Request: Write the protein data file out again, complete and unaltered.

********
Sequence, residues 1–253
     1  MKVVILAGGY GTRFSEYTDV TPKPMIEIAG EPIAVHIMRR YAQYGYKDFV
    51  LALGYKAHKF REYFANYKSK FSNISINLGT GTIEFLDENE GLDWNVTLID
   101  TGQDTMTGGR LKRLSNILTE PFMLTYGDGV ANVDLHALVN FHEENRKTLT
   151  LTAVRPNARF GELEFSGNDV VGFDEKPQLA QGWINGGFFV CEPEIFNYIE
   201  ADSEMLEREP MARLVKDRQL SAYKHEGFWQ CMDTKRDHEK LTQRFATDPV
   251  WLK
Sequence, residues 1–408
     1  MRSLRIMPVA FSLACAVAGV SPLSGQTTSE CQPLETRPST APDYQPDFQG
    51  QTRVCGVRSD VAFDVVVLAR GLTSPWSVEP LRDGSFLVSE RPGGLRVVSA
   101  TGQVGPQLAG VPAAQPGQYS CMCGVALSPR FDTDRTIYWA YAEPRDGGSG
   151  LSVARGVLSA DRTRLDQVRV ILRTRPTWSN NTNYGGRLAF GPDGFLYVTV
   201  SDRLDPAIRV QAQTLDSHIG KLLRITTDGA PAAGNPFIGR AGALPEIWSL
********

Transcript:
Sequence, residues 1–253
     1  MKVVILAGGY GTRFSEYTDV TPKPMIEIAG EPIAVHIMRR YAQYGYKDFV
    51  LALGYKAHKF REYFANYKSK FSNISINLGT GTIEFLDENE GLDWNVTLID
   101  TGQDTMTGGR LKRLSNILTE PFMLTYGDGV ANVDLHALVN FHEENRKTLT
   151  LTAVRPNARF GELEFSGNDV VGFDEKPQLA QGWINGGFFV CEPEIFNYIE
   201  ADSEMLEREP MARLVKDRQL SAYKHEGFWQ CMDTKRDHEK LTQRFATDPV
   251  WLK
Sequence, residues 1–408
     1  MRSLRIMPVA FSLACAVAGV SPLSGQTTSE CQPLETRPST APDYQPDFQG
    51  QTRVCGVRSD VAFDVVVLAR GLTSPWSVEP LRDGSFLVSE RPGGLRVVSA
   101  TGQVGPQLAG VPAAQPGQYS CMCGVALSPR FDTDRTIYWA YAEPRDGGSG
   151  LSVARGVLSA DRTRLDQVRV ILRTRPTWSN NTNYGGRLAF GPDGFLYVTV
   201  SDRLDPAIRV QAQTLDSHIG KLLRITTDGA PAAGNPFIGR AGALPEIWSL